When addressing the issue of anxiety in older adults, it is important to consider proper nutrition, hydration, and regular activity as part of a comprehensive treatment plan. Minor adjustments with small, measurable goals can make a large impact on the quality of life. It is time to consider medication when anxiety interferes with activities of daily living and general well-being despite lifestyle improvements. Consulting a loved one’s primary care physician is an effective first step. During the consultation, medication interactions could be evaluated. Common prescriptions for late-age anxiety or depression may include antidepressants, benzodiazepines, or beta-blockers.
It is important to monitor when the medication begins to work and its side effects. When discussing medication with a loved one’s doctor, it is important to note any herbal supplements that are also being taken in conjunction with the prescription medication. If a side effect appears to cause harm, notify the physician immediately. Some medications can not be abruptly stopped and may require a physician’s supervision to safely adjust to tolerable levels or slowly tapered down. Additionally, a doctor may refer her patient to a therapist while taking medication.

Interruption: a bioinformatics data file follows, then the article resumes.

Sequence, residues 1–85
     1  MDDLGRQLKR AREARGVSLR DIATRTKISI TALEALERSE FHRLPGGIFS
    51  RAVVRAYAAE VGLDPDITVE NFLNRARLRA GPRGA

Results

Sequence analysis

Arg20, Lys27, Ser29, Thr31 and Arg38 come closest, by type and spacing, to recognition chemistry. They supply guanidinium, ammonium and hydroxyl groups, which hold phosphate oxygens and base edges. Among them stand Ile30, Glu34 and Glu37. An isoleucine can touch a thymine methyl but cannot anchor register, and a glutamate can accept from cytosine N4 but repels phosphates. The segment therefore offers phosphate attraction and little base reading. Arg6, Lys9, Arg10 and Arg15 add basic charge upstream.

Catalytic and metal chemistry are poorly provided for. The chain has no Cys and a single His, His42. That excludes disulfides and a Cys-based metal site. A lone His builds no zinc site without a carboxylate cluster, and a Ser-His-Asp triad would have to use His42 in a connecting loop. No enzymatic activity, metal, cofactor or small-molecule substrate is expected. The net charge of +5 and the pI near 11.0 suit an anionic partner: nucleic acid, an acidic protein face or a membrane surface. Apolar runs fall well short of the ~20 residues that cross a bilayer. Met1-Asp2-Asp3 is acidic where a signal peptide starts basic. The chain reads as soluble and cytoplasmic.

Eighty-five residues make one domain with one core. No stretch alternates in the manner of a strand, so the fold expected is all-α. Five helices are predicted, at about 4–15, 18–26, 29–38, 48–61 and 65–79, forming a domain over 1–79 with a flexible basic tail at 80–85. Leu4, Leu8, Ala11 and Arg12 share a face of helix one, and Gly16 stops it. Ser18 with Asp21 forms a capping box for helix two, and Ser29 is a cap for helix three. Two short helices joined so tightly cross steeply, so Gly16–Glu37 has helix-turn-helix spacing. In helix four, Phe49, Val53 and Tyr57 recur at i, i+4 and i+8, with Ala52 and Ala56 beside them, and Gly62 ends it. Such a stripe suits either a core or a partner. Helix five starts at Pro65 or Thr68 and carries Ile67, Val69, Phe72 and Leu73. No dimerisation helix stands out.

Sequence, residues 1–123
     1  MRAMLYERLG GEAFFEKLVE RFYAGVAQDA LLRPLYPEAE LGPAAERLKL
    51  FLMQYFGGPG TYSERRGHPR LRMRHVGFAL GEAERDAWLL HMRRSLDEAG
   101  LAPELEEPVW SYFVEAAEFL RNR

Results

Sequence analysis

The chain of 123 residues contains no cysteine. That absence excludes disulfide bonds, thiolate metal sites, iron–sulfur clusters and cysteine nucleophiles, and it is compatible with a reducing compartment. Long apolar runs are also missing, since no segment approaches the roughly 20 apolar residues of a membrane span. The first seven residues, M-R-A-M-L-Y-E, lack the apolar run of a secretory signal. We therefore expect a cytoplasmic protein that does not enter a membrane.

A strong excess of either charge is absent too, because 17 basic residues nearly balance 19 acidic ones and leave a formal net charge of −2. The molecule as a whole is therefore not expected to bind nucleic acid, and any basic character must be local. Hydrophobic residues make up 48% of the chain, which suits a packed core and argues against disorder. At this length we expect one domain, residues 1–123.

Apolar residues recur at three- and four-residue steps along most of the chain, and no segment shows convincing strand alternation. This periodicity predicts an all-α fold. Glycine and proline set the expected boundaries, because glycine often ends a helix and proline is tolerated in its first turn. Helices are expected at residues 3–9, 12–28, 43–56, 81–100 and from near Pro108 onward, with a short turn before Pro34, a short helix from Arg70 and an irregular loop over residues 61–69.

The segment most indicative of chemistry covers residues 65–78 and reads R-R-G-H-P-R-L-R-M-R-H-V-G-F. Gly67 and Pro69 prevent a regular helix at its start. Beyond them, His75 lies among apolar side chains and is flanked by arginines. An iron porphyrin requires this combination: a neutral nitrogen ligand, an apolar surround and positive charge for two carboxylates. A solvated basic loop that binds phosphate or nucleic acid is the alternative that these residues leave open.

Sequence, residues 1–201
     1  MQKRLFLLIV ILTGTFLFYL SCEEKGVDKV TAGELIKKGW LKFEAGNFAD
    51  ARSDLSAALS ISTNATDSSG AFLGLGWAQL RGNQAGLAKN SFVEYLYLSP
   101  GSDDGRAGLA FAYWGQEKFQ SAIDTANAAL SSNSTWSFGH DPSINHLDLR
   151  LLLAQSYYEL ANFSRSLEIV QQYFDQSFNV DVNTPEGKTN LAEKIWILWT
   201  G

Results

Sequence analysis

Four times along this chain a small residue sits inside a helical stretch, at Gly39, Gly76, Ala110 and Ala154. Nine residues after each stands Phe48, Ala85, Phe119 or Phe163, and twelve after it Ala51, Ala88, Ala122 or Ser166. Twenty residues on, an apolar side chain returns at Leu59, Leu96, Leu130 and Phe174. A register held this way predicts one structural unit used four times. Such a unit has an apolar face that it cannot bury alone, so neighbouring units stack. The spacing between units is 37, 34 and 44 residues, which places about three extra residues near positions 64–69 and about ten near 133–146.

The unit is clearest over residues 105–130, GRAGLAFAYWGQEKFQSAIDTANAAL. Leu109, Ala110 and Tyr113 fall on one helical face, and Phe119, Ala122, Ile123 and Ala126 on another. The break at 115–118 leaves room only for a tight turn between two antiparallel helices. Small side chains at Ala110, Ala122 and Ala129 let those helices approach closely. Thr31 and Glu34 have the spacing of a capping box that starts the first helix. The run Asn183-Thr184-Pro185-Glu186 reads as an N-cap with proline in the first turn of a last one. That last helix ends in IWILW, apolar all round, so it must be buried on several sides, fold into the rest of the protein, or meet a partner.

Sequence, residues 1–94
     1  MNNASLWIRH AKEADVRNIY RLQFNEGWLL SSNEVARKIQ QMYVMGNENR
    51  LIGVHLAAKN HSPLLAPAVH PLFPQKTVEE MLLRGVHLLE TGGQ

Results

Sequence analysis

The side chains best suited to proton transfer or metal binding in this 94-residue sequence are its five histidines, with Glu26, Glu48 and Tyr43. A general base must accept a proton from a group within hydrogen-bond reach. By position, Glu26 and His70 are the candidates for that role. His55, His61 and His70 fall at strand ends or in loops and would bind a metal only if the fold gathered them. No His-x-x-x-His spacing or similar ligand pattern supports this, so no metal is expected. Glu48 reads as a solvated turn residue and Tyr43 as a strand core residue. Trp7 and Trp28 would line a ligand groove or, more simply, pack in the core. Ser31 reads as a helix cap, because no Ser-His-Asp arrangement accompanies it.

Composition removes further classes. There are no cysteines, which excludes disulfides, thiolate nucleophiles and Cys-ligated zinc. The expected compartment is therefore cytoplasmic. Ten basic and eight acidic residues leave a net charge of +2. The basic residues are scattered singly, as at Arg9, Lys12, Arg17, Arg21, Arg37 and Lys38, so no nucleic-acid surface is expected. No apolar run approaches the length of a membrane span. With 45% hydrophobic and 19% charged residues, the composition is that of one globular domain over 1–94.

Many forms of therapy target different physical, mental, and emotional challenges facing older adults. Therapy or psychotherapy involves talking with a trained mental health professional, such as a psychiatrist, psychologist, social worker, or counselor, to discover what caused the anxiety disorder and how to deal with its symptoms.
Family members are the frontlines of care and advocacy for older adults. When a loved one is making a transition from independent living to assisted living, regular visits from family members can offer a sense of continuity and security for their loved ones. Additionally, family members who keep regular visits can work alongside assisted living care professionals so that care plans can be customized and consistently enforced. Consistency in caretaking is an essential part of a successful transition in receiving a little extra help with daily activities. During visitation periods, family members can ensure the care of their loved ones by asking questions, actively listening, and monitoring any physical, emotional, or personality changes.
Intergenerational activity helps an elderly loved one play an active role in the lives of grand and great-grandchildren. Being able to interact with younger generations assists older adults in rediscovering a sense of purpose and motivation while warding off feelings of hopelessness, fear, and uncertainty.
Taking the time to celebrate even the smallest victories in the life of a loved one emphasizes a positive and supportive environment. Offering gratitude, kudos, and other forms of positive reinforcement can help change, affect and enhance motivation. Celebrating each day of a family member’s life as if it is his last can create new traditions of peace, laughter, and joy lasting for generations.